Well they have the date and time thing under the insert tab in word. i know that much. but i had rather say Chapter 20 or whatever. This isnt my problem, though. mine is adding the page to each one, and not the header part. Everytime I try to add the last name and page and title to the second page in the header area, it deletes everything on 1st page. this is very much time consuming. can anyone help? someone else tried to help me, but i am not seeing that little black book to open up in the second window in the header. I can add the page number but it ends up in the middle of the page.

Pepper
11-01-2009, 07:02 AM
How about writing both?


Chapter 20
DATE DAY TIME
30 DAYS UNTIL DOOMSDAY

Or something like that. :P

I once read a book that put a news feed at the beginning of every chapter. The main characters were cut off from the real world, but important events were happening there that the reader would benefit from knowing about. The news feeds showed what was going on from the media's perspective. It was quite an interesting way of approaching the issue, and suited the sci-fi genre.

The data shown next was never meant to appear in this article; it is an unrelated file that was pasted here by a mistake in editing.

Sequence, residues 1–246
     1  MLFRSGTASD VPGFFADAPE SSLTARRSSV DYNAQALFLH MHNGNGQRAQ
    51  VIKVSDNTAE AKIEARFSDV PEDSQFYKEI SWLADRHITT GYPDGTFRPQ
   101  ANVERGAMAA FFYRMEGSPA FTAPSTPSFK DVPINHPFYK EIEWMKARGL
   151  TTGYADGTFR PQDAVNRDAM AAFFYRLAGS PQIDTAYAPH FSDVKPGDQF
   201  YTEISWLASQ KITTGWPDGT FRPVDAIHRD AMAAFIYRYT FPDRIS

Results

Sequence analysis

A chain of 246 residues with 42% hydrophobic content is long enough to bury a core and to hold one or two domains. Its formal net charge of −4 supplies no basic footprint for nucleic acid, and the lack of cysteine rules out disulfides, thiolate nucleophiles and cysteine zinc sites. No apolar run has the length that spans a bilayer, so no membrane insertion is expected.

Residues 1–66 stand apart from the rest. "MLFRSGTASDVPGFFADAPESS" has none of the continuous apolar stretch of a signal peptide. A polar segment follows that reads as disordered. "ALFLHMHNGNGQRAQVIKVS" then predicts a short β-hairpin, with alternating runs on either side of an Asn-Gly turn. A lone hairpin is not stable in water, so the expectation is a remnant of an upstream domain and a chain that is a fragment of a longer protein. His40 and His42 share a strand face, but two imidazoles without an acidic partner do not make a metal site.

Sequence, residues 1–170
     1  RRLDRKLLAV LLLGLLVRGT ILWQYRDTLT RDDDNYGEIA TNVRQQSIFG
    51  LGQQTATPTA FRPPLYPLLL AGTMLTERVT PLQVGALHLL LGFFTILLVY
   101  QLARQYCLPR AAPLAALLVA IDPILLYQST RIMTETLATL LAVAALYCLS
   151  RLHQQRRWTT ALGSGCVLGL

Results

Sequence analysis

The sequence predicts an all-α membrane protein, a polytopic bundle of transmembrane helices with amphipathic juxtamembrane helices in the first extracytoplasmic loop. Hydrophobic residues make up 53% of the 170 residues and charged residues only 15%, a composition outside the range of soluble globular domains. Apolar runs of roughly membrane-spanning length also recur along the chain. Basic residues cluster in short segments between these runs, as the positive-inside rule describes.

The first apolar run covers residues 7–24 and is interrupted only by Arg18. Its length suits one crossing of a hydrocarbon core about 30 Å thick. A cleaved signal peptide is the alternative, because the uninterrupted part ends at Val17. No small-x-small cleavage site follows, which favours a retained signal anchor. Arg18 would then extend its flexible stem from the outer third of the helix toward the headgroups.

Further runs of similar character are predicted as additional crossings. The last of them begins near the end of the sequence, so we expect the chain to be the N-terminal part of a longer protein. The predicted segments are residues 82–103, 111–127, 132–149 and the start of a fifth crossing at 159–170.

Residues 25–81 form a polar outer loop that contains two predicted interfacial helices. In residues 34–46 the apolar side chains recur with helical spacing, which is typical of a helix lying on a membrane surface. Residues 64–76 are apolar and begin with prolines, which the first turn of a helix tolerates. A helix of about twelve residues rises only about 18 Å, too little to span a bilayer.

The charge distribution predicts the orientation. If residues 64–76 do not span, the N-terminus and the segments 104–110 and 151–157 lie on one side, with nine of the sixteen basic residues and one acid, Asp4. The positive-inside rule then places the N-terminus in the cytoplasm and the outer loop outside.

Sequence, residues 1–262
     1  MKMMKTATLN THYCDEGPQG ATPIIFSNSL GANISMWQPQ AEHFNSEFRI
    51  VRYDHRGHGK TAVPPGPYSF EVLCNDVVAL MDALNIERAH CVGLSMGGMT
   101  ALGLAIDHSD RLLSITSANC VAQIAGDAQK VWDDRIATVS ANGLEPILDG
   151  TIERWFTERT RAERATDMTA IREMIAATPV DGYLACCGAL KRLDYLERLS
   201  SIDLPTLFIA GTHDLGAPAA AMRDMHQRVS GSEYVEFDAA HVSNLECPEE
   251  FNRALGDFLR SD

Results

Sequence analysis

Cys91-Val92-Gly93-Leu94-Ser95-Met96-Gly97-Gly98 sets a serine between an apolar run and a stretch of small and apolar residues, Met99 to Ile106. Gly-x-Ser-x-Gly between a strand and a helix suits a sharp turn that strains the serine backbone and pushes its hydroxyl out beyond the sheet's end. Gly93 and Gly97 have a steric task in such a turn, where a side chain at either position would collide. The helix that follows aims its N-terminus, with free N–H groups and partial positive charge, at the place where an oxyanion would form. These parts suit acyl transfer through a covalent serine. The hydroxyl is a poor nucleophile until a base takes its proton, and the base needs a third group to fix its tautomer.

Put what details you feel are important. Having the characters constantly 'notice' the time or date or whatever seems clunky. I don't see the issue with putting time and date stamps along with the chapter heading. But remember, if you want to make some revelation about the importance of these details towards the end of the book, you should probably explain it in the text, for us people who don't remember things that great. It stops the reader from going 'wha?' and having to sift through the preceding chapters.

bonitakale
11-07-2009, 07:25 PM
Well, I don't remember the dates and times, but I don't remember chapter numbers, either. I just use a bookmark.

However, the dates and times can be useful for those like cactuswendy and I, who have to go back to check.

I saw a book that headed each chapter, under the chapter number, with "four years earlier" or "three months later." That was sort of helpful, with a book that skipped around in time a lot.